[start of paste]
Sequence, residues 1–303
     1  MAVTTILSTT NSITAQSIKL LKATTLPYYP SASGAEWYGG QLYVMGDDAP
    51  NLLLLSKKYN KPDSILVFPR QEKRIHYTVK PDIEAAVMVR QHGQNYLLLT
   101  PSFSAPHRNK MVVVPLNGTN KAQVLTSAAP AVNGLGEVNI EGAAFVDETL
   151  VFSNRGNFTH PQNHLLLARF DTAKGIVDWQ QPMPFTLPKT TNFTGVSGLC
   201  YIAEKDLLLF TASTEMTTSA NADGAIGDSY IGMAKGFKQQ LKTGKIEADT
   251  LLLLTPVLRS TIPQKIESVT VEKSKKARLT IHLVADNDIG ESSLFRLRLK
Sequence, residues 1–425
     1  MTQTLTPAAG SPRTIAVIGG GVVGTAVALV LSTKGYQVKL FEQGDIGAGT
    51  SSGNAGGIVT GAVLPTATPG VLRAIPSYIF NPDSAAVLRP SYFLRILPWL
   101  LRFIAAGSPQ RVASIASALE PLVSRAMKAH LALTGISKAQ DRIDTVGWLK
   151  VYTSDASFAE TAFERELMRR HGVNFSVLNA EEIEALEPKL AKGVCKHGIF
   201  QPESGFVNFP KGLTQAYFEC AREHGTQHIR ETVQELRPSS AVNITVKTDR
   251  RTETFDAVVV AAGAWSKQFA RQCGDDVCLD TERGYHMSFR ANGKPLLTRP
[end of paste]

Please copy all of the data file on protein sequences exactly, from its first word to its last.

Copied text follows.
Sequence, residues 1–303
     1  MAVTTILSTT NSITAQSIKL LKATTLPYYP SASGAEWYGG QLYVMGDDAP
    51  NLLLLSKKYN KPDSILVFPR QEKRIHYTVK PDIEAAVMVR QHGQNYLLLT
   101  PSFSAPHRNK MVVVPLNGTN KAQVLTSAAP AVNGLGEVNI EGAAFVDETL
   151  VFSNRGNFTH PQNHLLLARF DTAKGIVDWQ QPMPFTLPKT TNFTGVSGLC
   201  YIAEKDLLLF TASTEMTTSA NADGAIGDSY IGMAKGFKQQ LKTGKIEADT
   251  LLLLTPVLRS TIPQKIESVT VEKSKKARLT IHLVADNDIG ESSLFRLRLK
Sequence, residues 1–425
     1  MTQTLTPAAG SPRTIAVIGG GVVGTAVALV LSTKGYQVKL FEQGDIGAGT
    51  SSGNAGGIVT GAVLPTATPG VLRAIPSYIF NPDSAAVLRP SYFLRILPWL
   101  LRFIAAGSPQ RVASIASALE PLVSRAMKAH LALTGISKAQ DRIDTVGWLK
   151  VYTSDASFAE TAFERELMRR HGVNFSVLNA EEIEALEPKL AKGVCKHGIF
   201  QPESGFVNFP KGLTQAYFEC AREHGTQHIR ETVQELRPSS AVNITVKTDR
   251  RTETFDAVVV AAGAWSKQFA RQCGDDVCLD TERGYHMSFR ANGKPLLTRP